In the fall of 2011, the federal jobs Web site, USAJobs.gov, was a mess.
The site crashed continually and came under blistering criticism from the media and the general public. A steady stream of vitriol flowed through social media. The situation was so dire that OPM Director John Berry was called before Congress to explain what, exactly, had gone so terribly wrong.
The team in charge of the Web site needed new leadership — a Patton of sorts. And, in the eyes of some of her colleagues, Kathy Dillaman was just that type of leader.
“Immediately after launch it was clear that we made some missteps,” said Dillaman, looking back. She currently serves as a senior adviser to the director after her retirement as associate director of investigations.
At the time, Dillaman brought 35 years of experience — all at OPM — to bear on the USAJobs problem. Her mandate from Berry was clear: “Either we fix it,” she said, “or kill it.”
Within 24 to 48 hours of taking the reins, Dillaman said OPM had a fully staffed war room, complete with young, social-media-savvy workers.
In the process of setting up, Dillaman’s team scrambled for available space, displacing people to make sure that everyone was where they needed to be, with some of the war-room spaces lasting weeks and, in some cases, months.
A sub-basement’s patch of green
The politics of office space, according to OPM staff, is charged and complex — an all but inflexible ecosystem. So, when Matthew Collier, one of Berry’s senior advisers, sought to create a new gathering place for innovative problem-solving — something clearly needed in the wake of the USAJobs fiasco — he had to first solve the problem of finding a place to put it.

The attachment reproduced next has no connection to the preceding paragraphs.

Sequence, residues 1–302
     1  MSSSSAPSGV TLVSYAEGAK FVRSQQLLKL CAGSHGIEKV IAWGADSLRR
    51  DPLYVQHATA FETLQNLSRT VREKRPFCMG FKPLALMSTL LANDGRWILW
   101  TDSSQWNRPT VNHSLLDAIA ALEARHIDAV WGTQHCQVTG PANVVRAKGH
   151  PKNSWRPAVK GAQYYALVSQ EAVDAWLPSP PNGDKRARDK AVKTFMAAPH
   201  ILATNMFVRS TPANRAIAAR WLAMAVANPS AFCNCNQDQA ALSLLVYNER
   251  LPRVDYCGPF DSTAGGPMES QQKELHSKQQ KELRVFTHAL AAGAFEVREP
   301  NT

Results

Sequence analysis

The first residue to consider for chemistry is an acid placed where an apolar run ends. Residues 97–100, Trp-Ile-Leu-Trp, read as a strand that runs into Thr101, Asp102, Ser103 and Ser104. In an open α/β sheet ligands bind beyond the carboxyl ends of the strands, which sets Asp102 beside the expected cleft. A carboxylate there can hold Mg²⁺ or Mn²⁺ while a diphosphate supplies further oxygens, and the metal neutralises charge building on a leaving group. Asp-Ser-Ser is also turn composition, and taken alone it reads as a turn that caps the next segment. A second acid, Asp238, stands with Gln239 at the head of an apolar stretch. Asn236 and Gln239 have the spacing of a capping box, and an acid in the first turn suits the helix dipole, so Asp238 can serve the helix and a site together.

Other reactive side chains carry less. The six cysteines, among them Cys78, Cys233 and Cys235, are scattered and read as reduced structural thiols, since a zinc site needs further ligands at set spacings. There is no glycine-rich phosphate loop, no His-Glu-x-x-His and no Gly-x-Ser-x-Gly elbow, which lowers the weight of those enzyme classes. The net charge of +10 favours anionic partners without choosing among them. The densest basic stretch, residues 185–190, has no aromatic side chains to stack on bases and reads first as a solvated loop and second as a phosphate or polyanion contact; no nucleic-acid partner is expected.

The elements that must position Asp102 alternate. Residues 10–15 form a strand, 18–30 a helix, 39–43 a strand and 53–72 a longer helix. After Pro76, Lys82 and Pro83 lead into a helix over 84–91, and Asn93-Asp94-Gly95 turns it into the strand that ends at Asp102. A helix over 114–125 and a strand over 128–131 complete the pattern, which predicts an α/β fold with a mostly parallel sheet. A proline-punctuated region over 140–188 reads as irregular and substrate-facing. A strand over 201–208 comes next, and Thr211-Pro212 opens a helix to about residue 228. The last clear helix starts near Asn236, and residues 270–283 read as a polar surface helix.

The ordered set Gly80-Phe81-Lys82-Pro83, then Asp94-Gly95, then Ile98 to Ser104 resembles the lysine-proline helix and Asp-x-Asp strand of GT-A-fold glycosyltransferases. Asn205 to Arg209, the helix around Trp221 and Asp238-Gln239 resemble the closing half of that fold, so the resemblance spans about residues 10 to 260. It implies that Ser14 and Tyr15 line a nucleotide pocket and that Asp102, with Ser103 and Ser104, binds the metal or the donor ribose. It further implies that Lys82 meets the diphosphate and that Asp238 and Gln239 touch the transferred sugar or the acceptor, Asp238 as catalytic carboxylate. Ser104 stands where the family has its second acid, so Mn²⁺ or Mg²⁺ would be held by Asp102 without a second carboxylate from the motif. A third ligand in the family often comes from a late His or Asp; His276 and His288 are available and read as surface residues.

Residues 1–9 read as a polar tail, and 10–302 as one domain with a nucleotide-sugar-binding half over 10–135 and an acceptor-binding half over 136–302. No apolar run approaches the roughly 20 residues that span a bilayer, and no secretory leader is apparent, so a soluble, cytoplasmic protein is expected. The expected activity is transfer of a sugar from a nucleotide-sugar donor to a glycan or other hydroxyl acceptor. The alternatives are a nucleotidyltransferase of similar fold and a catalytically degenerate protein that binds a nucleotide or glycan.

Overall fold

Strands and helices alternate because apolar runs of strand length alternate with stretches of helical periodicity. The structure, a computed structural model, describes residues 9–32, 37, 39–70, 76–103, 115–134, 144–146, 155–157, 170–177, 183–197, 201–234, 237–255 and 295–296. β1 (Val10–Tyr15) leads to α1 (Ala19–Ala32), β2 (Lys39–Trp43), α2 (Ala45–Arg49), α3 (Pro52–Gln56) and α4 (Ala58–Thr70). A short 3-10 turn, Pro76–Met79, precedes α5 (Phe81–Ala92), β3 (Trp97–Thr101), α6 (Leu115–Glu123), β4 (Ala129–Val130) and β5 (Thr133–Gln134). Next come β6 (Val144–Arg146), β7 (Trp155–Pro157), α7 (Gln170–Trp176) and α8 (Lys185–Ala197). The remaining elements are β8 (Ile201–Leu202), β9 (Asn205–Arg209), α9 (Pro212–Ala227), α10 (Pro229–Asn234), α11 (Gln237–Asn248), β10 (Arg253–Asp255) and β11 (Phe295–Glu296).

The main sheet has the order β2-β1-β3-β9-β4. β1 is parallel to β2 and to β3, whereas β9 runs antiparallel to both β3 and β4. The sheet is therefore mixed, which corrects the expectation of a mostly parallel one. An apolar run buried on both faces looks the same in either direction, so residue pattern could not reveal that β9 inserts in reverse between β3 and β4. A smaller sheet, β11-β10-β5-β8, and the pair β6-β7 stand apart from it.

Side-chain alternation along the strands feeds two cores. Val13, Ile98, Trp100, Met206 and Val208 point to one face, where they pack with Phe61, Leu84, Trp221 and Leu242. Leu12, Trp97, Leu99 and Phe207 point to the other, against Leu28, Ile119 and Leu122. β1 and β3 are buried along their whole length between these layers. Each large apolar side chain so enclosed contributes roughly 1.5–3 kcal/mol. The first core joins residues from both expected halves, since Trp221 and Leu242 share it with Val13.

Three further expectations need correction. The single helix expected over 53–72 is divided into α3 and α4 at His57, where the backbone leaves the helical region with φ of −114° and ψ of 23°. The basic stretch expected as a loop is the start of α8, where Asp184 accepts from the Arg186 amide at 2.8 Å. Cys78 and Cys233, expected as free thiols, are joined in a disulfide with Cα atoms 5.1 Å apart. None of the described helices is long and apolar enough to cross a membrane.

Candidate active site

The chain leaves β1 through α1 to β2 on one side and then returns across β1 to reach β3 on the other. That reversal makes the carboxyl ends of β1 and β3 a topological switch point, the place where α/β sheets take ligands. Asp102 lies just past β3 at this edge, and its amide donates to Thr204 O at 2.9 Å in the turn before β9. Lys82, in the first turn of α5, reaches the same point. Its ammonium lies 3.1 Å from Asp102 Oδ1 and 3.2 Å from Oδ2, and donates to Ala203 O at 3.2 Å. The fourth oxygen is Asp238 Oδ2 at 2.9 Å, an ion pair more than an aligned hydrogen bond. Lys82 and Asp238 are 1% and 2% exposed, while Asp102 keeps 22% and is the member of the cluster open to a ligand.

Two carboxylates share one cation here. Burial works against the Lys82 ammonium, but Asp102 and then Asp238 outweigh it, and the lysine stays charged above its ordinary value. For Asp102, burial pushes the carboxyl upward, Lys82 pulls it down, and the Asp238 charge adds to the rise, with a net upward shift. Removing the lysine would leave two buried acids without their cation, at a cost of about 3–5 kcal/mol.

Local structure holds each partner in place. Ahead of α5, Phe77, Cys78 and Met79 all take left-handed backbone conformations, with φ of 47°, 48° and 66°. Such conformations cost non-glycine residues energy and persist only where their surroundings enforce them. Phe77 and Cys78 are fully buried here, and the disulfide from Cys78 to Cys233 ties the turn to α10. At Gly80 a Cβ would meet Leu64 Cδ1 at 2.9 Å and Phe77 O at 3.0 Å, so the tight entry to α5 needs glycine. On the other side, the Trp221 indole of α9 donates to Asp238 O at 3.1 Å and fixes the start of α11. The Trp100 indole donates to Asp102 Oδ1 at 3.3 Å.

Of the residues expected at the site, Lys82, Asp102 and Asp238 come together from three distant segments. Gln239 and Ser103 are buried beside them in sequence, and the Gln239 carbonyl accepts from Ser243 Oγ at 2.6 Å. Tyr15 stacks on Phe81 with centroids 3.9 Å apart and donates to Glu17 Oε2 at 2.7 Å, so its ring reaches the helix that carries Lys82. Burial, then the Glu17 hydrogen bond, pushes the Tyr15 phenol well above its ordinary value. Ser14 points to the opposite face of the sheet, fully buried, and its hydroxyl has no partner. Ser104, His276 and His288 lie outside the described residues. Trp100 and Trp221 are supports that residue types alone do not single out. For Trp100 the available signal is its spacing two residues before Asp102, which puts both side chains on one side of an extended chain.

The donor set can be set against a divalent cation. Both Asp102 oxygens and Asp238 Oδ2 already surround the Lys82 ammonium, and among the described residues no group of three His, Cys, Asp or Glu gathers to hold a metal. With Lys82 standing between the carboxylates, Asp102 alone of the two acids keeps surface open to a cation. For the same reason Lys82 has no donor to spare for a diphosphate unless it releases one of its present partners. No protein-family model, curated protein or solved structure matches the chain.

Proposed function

An upper floor was out of the question. That drove Collier and his team underground. In a move reminiscent of a scene from the 1999 film “Office Space,” they eventually found themselves in the sub-basement.
Boxes of records had to be removed. The space was in such shoddy shape that it needed asbestos abatement and other enhancements critical to making it fit for occupancy.
Improvements and construction cost $750,000. Much of that money, according OPM spokesman John Marble, would have been spent for general building repairs anyway.
Construction was finished in January and it was open to federal employees in March.
Today, a large, green wall with large white text and graphics announces the OPM “Innovation Lab” — a pristine workspace that brings the breezy, open environment typical of Silicon Valley straight into the dank, industrial bowels of government.
If not for the lack of free food, the space could easily be confused with one of the breathless startups that litter San Francisco. Everything from the large, wooden barn door to the chalk-board-painted walls, curved, interlocking white boards and Ikea furniture makes the space an oasis for the federal worker weary of the ubiquitous blah of the federal workplace. There’s even a small kitchen and lockers for storing personal belongings. The cost of any additional perks, such as orange- and mint-cucumber-flavored water, comes out of employees’ pockets.